There is no doubt that the generation that comprises the group of people known as millennials is unlike any generation encountered in the past. Including people born from the early 1980s through the mid 1990s, millennials are unique in numerous aspects, ranging from the technology available during childhood and today, the relationship with parents, economic and educational prospects, and overall culture. Generation Z, which is also known as the post-millennial generation or the iGeneration is equally as unique, and as these young people transition into adulthood, there are numerous questions about what the future will look like.
But while millennial and generation Z culture may be something that those of other generations are neither able to relate to nor understand, when it comes to the workforce, what young adults want from their careers may more closely resemble the desires of other generations than one would think.
What Young Adults Want in Their Careers – The Similarities and Differences
There are a number of things that young adults today want in their careers that are very different from what young adults from generations past wanted. These differences are based, in large part, due to technology and opportunity. For example, working remotely was hardly an option for generations past, but with the proliferation of wi-fi, there are many jobs that can be performed from anywhere in the world.
When polled, young people are also much more likely than older Americans to say that a top priority in finding a new job is that the job is enjoyable and provides the individual with a feeling of “making a difference.” Older Americans, on the other hand, are likely to prioritize salary.
But there are also a lot of similarities between what younger and older generations want in a career, too. Some of these similarities include:
- Benefits matter. Just like older Americans, about one-third of millennials say that they want benefits from employers that align with their lifestyle and values, including things such as tuition reimbursement and 529 college savings plans. All three generations who were asked in one survey (generation X, baby boomers, and millennials) all said that vacation time, a matching 401(k) plan, and healthcare were “must-have” benefits.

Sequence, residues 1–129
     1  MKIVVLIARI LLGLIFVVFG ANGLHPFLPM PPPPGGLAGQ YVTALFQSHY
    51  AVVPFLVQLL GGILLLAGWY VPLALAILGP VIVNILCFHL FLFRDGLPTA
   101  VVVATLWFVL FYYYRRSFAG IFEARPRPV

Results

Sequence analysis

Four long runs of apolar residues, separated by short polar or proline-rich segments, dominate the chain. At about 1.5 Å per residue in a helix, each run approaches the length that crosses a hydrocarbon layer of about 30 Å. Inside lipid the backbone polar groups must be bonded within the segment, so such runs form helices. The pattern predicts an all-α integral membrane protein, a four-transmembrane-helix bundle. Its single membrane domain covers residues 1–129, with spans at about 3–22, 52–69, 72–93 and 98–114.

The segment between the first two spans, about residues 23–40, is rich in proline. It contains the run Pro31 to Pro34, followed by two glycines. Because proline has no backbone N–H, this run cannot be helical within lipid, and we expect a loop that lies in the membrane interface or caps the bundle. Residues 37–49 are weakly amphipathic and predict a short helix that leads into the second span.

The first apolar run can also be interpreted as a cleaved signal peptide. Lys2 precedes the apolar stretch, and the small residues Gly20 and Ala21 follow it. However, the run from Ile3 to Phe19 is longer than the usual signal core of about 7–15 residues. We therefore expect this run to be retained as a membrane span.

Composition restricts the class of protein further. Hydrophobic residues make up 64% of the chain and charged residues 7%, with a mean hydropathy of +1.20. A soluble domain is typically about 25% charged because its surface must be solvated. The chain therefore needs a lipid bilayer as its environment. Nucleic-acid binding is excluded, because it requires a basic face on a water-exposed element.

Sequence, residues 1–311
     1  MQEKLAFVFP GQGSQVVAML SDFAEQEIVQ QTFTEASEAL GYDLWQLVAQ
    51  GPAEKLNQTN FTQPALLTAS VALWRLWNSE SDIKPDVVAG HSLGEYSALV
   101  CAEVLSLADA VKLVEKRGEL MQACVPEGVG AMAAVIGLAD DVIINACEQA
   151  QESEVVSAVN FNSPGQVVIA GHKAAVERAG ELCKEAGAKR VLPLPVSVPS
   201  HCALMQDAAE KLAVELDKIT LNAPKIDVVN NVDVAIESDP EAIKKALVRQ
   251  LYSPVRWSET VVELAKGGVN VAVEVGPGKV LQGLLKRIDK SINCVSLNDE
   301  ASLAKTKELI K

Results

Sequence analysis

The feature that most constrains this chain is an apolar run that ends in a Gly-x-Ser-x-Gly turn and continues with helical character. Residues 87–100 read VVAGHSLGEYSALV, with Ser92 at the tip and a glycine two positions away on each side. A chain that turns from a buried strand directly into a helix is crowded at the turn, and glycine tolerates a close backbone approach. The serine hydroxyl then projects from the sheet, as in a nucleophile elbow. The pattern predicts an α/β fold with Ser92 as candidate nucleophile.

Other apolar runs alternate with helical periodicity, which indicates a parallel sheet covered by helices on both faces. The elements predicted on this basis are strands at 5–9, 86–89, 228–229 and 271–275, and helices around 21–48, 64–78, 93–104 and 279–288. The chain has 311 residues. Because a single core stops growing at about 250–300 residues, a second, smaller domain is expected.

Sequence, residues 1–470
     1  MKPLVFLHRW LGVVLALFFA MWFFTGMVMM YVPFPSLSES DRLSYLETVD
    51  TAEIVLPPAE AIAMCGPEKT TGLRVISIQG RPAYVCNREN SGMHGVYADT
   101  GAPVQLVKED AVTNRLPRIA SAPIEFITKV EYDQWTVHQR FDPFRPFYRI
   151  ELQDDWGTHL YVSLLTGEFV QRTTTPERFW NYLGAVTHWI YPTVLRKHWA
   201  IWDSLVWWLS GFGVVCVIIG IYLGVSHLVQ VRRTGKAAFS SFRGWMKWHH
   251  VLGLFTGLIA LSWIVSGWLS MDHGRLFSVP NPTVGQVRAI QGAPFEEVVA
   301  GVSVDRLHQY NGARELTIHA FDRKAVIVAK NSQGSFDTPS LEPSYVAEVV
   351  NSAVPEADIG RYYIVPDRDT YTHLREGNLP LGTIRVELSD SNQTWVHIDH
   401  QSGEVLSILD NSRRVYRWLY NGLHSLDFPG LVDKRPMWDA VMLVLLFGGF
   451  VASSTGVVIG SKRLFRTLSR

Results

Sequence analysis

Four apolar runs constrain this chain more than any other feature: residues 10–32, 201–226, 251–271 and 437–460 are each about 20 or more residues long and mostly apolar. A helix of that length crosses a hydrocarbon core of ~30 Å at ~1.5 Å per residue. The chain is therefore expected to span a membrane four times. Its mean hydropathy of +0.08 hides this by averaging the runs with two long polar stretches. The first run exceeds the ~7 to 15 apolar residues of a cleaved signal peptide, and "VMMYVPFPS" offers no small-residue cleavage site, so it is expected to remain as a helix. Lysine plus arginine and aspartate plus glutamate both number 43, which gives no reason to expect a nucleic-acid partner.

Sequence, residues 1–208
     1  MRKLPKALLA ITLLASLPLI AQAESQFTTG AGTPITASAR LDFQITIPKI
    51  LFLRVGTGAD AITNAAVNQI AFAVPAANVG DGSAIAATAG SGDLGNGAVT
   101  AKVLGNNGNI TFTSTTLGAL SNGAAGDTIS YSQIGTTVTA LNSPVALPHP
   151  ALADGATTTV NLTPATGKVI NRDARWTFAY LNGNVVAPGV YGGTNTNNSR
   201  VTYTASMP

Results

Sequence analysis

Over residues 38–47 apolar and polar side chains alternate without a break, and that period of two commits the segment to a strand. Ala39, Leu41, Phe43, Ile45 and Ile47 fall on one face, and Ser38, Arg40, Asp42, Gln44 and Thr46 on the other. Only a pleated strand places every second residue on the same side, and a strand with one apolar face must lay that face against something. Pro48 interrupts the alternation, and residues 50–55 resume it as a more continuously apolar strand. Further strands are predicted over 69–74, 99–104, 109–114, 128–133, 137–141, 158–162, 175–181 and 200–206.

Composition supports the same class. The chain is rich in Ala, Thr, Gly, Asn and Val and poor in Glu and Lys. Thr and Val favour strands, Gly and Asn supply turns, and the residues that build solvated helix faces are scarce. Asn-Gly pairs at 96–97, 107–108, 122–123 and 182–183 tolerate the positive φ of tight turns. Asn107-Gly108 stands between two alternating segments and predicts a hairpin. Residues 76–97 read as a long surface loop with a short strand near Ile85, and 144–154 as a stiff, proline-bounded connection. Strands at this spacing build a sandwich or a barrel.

- Employer-employee loyalty is a priority. Young people have earned a reputation as career hoppers, jumping from job-to-job with ease. However, when asked, a large percentage of millennials state that being loyal to their employer is important. But it’s not just about an employee being loyal to an employer that’s important; but also the employer being loyal to the employee. Young people today don’t want to be viewed as just another number or company asset.
- Job security. Perhaps the thing that young people and those of older generations have most in common: their desire for job security. What’s more, young people and older people seem to agree about which industries they think will offer the most job security in the coming years – energy production, tech, and healthcare. In order to meet the demand, many young people agree that updating skills and returning to school for more education is a smart idea.
- Ability to prioritize family. Millennials are having children at a much slower rate than did older generations; the number of women giving birth in the United States has been declining for years, and recently hit a historic low. But while young people may be having fewer children than did previous generations, those who do have children are still searching for a career that, and employer who, cares about their ability to provide for their family (millennials are also reaching the age where aging parents may begin to need care). While things like maternity leave and paid time off to care for family is important, other benefits–like paternity leave and more flexible work schedules (goodbye 9-5!)–are being promoted by younger generations. Employers who offer these more modern benefits are often more attractive to millennials and those in generation Z.
Technology and Cultures Change; People Don’t
While technology and culture has advanced significantly in the past decades, what people ultimately want from a career–including employer loyalty, job security, benefits, and the ability to care for one’s family while also working–hasn’t changed much. This highlights that human needs and desires may transcend in what year one is born.